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Offline 72hours

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Basic questions
« on: August 24, 2019, 02:15:49 AM »
Hi,

I'm very new to pizza making and hope you can help me with a few basic questions regarding making Neapolitan style pizza.

My setup is as follows:

* I use Caputo pizzeria flour (00).
* I use active dry yeast.
* I normally do cold ferment for 72-78 hours.
* I have an Ooni pro oven which gets up to 850-900 degrees F.
* My hydration level is normally 60%.

My normal dough recipe is a slight modification of this one:

My questions are:

  • What flour to yeast ration do you recommend? I've been experimenting with 1% (from the recipe above) and 0.5%, and I read on the Lehmann Pizza Dough Calculator that the recommended ratio is between 0.25-0.75%.
  • What's the recommended water temperature to activate the yeast? Previously, I used room temperature water, and the dough was so sticky and it was unworkable. Then, I read from internet and my 00 flour packaging that the water temperature should be 105F-110F, and with that temperature, my dough is no longer sticky and pretty easy to work with. But then this website recommends between 100F-105F, and the pizza bible recommends around 80-85F. I'm rather confused about this.
  • The bottom of my pizza always looks a bit burnt. I suspect that it's due to the amount of flour I put on it for launching. However, I also suspect that my oven is a bit too hot. So, what floor temperature would you guys recommend for cooking the type of dough I make?
  • Related to 3, I would like to reduce the amount of flour I put on the bottom of my pizzas, but I don't want to increase the difficulty of launching. Right now, I assemble my pizza on the table, and then move it on the peel. Is there another technique I can use while reducing the amount of flour?

Thank you so much for your help and patience.

72

Offline The Dough Doctor

  • Tom Lehmann
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Re: Basic questions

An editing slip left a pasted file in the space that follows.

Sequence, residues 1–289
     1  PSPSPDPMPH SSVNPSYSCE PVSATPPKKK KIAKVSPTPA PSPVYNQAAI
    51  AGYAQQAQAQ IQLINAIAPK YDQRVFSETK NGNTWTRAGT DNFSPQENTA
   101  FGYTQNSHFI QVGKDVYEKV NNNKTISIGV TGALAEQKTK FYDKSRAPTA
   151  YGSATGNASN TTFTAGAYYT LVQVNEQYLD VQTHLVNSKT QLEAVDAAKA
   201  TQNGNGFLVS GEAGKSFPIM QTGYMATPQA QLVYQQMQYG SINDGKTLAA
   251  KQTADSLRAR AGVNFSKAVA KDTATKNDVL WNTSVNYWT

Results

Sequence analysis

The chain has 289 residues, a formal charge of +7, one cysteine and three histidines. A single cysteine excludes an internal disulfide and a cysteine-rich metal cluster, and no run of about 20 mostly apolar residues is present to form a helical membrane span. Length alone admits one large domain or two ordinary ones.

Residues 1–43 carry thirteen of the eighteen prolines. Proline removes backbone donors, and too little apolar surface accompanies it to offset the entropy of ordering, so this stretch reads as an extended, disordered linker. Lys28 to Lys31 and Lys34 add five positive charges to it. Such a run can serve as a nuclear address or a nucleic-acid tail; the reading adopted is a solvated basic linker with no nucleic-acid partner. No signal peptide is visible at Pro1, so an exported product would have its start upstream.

« Reply #1 on: August 24, 2019, 11:16:11 AM »
My suggestion is to use 0.5% ADY which should be hydrated/activated in about 5 times its weight of water at 100 to 105F.
Adjust the temperature of the remainder of the water to give you a finished dough temperature in the 75 to 80F range (favoring 75F).
To address your peel dust issue please provide your complete dough management procedure.
Tom Lehmann/The Dough Doctor

Offline Qapla

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Re: Basic questions
« Reply #2 on: August 24, 2019, 01:47:19 PM »
Have you tried assembling your pizza on the peel?

Once assembled, add a small amount of flour under the launching edge just prior to launching

Offline 72hours

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Re: Basic questions
« Reply #3 on: August 24, 2019, 08:47:45 PM »
Hi guys,

Thank you so much for the feedback! I really appreciate it!

My assembly process is as follows:

1. I put flour on the table.
2. I get a piece of dough and put it in my flour bowel, flip it to make sure there is flour on both sides.
3. I put the dough on the table and stretch it out. And I make there are no sticky points.
4. I put the toppings on.
5. I move it on the peel.
6. I launch the pizza.

Is this the right process?

Thank you!

72

Offline The Dough Doctor

  • Tom Lehmann
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Re: Basic questions
« Reply #4 on: August 25, 2019, 02:18:24 AM »
It's a lot easier to open the skin and place it onto a wood prep-peel, then dress it as desired and peel it into the oven. Fine corn meal, semolina flour or rice flour are all good for use as a peel dust.
Tom Lehmann/The Dough Doctor

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Offline 72hours

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Re: Basic questions
« Reply #5 on: August 25, 2019, 11:15:56 AM »
Thank you Tom!

Is there a brand of wood peel youíd vouch for?

Iíve been reading the reviews an Amazon and every peel that Iíve looked like has at least 5% of reviews that said it cracked/warped/became unusable after just a few uses ... 

Offline The Dough Doctor

  • Tom Lehmann
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Re: Basic questions
« Reply #6 on: August 25, 2019, 04:18:58 PM »
All of my peels are from <MrPeel.com> They WILL ALWAYS warp if NOT handled properly.
I also have a peel from <portionpeels.com> which I like a lot as it has lazar burned circles on the top side to help size and keep your pizzas round. I believe their peels are also from Mr. Peel.
1) Wipe the new peel with mineral oil over ALL surfaces. This will help to seal the wood.
2) NEVER/NEVER/EVER wash your peel. Wipe it with a slightly damp towel if it needs cleaning.
3) Over time your peel may develop rough spots, these are easily removed by LIGHTLY sanding with a 220 or finer grit sand paper, and then resealing.
4) Periodically wipe your peel down with a little mineral oil.
5) Remember, wood peels are are prep peels, they are not meant to remove pizzas from the oven.
Tom Lehmann/The Dough Doctor

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